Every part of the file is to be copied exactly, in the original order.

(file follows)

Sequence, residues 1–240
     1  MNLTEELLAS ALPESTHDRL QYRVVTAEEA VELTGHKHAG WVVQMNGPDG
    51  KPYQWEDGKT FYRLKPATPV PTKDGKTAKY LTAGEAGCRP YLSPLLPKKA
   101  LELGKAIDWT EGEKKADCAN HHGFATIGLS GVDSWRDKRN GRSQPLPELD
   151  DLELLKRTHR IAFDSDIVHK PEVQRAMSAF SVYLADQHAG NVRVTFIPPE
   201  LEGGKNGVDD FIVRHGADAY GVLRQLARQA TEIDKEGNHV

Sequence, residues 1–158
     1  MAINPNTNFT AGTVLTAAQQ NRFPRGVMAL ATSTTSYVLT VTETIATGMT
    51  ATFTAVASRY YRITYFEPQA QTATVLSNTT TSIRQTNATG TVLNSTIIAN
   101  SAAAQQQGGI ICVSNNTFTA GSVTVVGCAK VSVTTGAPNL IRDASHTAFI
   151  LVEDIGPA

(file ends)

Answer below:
Sequence, residues 1–240
     1  MNLTEELLAS ALPESTHDRL QYRVVTAEEA VELTGHKHAG WVVQMNGPDG
    51  KPYQWEDGKT FYRLKPATPV PTKDGKTAKY LTAGEAGCRP YLSPLLPKKA
   101  LELGKAIDWT EGEKKADCAN HHGFATIGLS GVDSWRDKRN GRSQPLPELD
   151  DLELLKRTHR IAFDSDIVHK PEVQRAMSAF SVYLADQHAG NVRVTFIPPE
   201  LEGGKNGVDD FIVRHGADAY GVLRQLARQA TEIDKEGNHV

Sequence, residues 1–158
     1  MAINPNTNFT AGTVLTAAQQ NRFPRGVMAL ATSTTSYVLT VTETIATGMT
    51  ATFTAVASRY YRITYFEPQA QTATVLSNTT TSIRQTNATG TVLNSTIIAN
   101  SAAAQQQGGI ICVSNNTFTA GSVTVVGCAK VSVTTGAPNL IRDASHTAFI
   151  LVEDIGPA